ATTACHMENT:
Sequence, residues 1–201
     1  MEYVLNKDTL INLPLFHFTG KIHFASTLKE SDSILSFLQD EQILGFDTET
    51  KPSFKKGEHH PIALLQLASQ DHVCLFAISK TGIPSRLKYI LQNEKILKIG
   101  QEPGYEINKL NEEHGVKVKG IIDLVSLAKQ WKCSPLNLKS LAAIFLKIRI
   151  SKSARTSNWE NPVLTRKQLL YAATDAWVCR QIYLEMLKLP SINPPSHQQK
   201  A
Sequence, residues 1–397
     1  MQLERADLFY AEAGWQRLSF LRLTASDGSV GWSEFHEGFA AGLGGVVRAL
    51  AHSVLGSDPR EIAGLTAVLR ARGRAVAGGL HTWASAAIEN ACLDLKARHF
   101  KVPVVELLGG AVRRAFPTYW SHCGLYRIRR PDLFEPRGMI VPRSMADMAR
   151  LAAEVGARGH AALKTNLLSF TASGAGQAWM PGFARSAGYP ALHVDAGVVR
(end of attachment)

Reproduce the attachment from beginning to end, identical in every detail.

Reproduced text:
Sequence, residues 1–201
     1  MEYVLNKDTL INLPLFHFTG KIHFASTLKE SDSILSFLQD EQILGFDTET
    51  KPSFKKGEHH PIALLQLASQ DHVCLFAISK TGIPSRLKYI LQNEKILKIG
   101  QEPGYEINKL NEEHGVKVKG IIDLVSLAKQ WKCSPLNLKS LAAIFLKIRI
   151  SKSARTSNWE NPVLTRKQLL YAATDAWVCR QIYLEMLKLP SINPPSHQQK
   201  A
Sequence, residues 1–397
     1  MQLERADLFY AEAGWQRLSF LRLTASDGSV GWSEFHEGFA AGLGGVVRAL
    51  AHSVLGSDPR EIAGLTAVLR ARGRAVAGGL HTWASAAIEN ACLDLKARHF
   101  KVPVVELLGG AVRRAFPTYW SHCGLYRIRR PDLFEPRGMI VPRSMADMAR
   151  LAAEVGARGH AALKTNLLSF TASGAGQAWM PGFARSAGYP ALHVDAGVVR